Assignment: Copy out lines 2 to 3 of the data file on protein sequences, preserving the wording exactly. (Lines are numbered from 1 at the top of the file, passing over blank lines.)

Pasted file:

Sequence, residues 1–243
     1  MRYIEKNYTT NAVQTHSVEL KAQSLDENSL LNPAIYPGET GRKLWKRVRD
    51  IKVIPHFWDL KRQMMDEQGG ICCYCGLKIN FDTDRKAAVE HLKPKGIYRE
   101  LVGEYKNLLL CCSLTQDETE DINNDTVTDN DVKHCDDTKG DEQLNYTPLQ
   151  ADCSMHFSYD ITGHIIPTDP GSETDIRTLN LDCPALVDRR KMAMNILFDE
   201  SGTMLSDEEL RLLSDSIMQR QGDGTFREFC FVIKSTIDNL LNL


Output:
     1  MRYIEKNYTT NAVQTHSVEL KAQSLDENSL LNPAIYPGET GRKLWKRVRD
    51  IKVIPHFWDL KRQMMDEQGG ICCYCGLKIN FDTDRKAAVE HLKPKGIYRE